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Corporate Raider.

By Coury Turczyn

OCTOBER 26, 1998:  The first thing you notice about blue collar crusader Michael Moore is the smirk—despite his best efforts to look serious, attentive, or even concerned, the smirk continually plays at his lips like an irresistible force of his inner self. But it is a defensive smirk, one spawned by a deep frustration with what he sees as the heartless, often brainless, treatment of American workers by their bottom-line obsessed overlords.

In The Big One, his latest documentary, he travels the nation on a promotional tour for his 1996 book Downsize This! Along the way, he witnesses large-scale layoffs despite the country's seeming prosperity. Why? Corporations are opting to close factories here and open new ones in third-world countries in order to increase their profit margins through cheap labor. What kind of reward is this to American workers who have helped their companies earn record profits to begin with? This is the question Moore wants answered—and he's willing to barge into corporate headquarters, cameras blazing, to demand an answer. Although he usually gets booted from the building by security officers, he also gets to harangue pathetic PR drones, which is always entertaining to watch—will this be the first one to finally break down and admit that he works for a compassionless machine? More important are the mind-boggling facts brandished by Moore—that our government pays Pillsbury millions to market the "Dough Boy" overseas, or that TWA uses imprisoned murderers and rapists to take flight reservations. Occasionally, though, Moore's soapbox looks more like a grandstand, particularly in long scenes where downtrodden workers gaze at him in adoration and tell him how much he means to them. And if he hates corporations so much, why did he go with Random House as a publisher, or make appearances at Borders and Media Play? These are questions Moore sidesteps in the film, smirk in place.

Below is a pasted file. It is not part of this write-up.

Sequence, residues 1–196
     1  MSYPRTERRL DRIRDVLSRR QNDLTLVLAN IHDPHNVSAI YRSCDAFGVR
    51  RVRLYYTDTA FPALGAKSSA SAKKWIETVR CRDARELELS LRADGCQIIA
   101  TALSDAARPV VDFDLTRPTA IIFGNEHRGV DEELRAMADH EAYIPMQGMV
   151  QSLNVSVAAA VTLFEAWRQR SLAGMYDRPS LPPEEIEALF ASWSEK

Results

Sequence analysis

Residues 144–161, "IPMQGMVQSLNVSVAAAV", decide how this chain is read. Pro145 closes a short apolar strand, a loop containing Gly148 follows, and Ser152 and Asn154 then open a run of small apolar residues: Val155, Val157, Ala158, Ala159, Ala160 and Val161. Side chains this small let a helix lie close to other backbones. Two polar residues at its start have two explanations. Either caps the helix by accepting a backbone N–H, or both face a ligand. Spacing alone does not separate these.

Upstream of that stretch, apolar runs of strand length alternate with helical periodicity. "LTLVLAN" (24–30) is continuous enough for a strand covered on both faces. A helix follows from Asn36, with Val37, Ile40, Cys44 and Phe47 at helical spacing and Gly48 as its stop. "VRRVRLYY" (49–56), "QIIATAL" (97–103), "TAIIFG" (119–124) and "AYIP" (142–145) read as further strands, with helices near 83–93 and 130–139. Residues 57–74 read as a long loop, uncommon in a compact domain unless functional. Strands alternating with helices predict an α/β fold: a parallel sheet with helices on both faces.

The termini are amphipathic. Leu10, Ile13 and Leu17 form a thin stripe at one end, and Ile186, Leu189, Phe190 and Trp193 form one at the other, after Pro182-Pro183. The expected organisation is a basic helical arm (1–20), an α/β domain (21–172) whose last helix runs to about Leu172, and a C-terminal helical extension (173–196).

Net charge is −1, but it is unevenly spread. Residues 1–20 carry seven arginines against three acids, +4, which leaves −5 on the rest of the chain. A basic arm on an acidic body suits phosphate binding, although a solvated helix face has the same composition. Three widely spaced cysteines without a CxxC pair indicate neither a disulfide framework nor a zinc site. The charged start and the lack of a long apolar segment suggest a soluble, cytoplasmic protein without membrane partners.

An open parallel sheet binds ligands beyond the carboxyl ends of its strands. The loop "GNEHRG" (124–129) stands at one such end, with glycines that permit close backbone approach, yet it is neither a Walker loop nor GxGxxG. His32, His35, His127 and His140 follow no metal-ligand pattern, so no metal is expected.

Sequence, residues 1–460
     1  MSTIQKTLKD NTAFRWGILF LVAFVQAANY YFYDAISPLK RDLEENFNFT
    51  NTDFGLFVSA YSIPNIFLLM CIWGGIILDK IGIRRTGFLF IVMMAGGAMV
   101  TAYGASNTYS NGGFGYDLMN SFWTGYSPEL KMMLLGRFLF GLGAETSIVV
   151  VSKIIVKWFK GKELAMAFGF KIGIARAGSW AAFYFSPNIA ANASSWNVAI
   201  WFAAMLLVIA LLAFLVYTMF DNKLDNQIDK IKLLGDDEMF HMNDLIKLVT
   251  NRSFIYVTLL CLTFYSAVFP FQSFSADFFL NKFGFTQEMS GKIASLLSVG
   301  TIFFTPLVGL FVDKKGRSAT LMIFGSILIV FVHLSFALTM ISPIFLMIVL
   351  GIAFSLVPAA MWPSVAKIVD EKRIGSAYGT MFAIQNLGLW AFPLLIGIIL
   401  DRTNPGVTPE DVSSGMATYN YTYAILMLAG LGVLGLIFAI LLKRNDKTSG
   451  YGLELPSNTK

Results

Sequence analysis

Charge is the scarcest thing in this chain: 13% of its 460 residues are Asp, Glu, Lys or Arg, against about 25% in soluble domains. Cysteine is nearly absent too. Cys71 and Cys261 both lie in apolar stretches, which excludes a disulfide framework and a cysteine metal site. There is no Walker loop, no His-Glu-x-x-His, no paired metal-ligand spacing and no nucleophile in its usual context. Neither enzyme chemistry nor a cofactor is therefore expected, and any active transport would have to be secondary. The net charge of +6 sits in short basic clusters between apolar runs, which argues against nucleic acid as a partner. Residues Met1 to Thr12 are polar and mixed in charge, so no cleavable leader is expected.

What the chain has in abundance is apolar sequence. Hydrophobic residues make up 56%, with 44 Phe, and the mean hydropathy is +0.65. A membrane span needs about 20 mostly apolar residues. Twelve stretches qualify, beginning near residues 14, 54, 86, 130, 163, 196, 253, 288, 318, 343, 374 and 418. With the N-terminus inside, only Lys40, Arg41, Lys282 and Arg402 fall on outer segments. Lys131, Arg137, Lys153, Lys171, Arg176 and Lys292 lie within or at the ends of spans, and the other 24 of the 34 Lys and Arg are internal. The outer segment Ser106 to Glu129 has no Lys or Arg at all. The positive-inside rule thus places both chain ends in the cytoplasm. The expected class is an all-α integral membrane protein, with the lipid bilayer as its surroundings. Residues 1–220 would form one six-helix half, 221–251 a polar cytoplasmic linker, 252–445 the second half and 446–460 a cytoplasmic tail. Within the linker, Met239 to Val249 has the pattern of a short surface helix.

The documentary that catapulted Moore into the realm of famous angry liberal was 1989's Roger & Me, his record of the decline of his hometown of Flint, Mich. after General Motors closed its factories there. Much more personal than The Big One, its story is that much more affecting—funny yet sad, Flint's descent into desperation and ruin could be the story of any city hit by massive layoffs. Controversial for its supposed jumbling of chronology, Roger & Me is nevertheless fascinating in its portrayal of, well, weird people in a weird town. Moore's dogged pursuit of GM chairman Roger Smith is just the icing on the cake. And although our economy seems a long way from 1989, the lessons of Roger & Me aren't yet outdated—corporate rapaciousness is timeless.


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